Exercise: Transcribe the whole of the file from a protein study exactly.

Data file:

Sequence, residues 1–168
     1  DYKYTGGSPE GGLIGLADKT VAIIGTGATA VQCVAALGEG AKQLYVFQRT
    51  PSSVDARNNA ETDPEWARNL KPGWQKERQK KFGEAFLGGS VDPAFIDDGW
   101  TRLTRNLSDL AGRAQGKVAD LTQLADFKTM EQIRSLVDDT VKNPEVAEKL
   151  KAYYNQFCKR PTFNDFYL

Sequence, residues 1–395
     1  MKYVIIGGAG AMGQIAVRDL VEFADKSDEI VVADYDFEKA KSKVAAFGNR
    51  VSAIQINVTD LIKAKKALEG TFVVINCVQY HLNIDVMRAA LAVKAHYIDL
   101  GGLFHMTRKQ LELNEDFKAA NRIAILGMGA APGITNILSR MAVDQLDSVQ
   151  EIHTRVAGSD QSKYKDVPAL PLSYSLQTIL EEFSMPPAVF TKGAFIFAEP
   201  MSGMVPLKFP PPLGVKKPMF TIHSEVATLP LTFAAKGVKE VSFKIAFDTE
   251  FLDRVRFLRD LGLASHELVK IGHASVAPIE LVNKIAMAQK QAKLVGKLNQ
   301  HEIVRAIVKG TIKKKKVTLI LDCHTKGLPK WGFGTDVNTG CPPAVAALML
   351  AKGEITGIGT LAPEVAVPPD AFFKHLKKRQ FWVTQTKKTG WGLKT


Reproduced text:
Sequence, residues 1–168
     1  DYKYTGGSPE GGLIGLADKT VAIIGTGATA VQCVAALGEG AKQLYVFQRT
    51  PSSVDARNNA ETDPEWARNL KPGWQKERQK KFGEAFLGGS VDPAFIDDGW
   101  TRLTRNLSDL AGRAQGKVAD LTQLADFKTM EQIRSLVDDT VKNPEVAEKL
   151  KAYYNQFCKR PTFNDFYL

Sequence, residues 1–395
     1  MKYVIIGGAG AMGQIAVRDL VEFADKSDEI VVADYDFEKA KSKVAAFGNR
    51  VSAIQINVTD LIKAKKALEG TFVVINCVQY HLNIDVMRAA LAVKAHYIDL
   101  GGLFHMTRKQ LELNEDFKAA NRIAILGMGA APGITNILSR MAVDQLDSVQ
   151  EIHTRVAGSD QSKYKDVPAL PLSYSLQTIL EEFSMPPAVF TKGAFIFAEP
   201  MSGMVPLKFP PPLGVKKPMF TIHSEVATLP LTFAAKGVKE VSFKIAFDTE
   251  FLDRVRFLRD LGLASHELVK IGHASVAPIE LVNKIAMAQK QAKLVGKLNQ
   301  HEIVRAIVKG TIKKKKVTLI LDCHTKGLPK WGFGTDVNTG CPPAVAALML
   351  AKGEITGIGT LAPEVAVPPD AFFKHLKKRQ FWVTQTKKTG WGLKT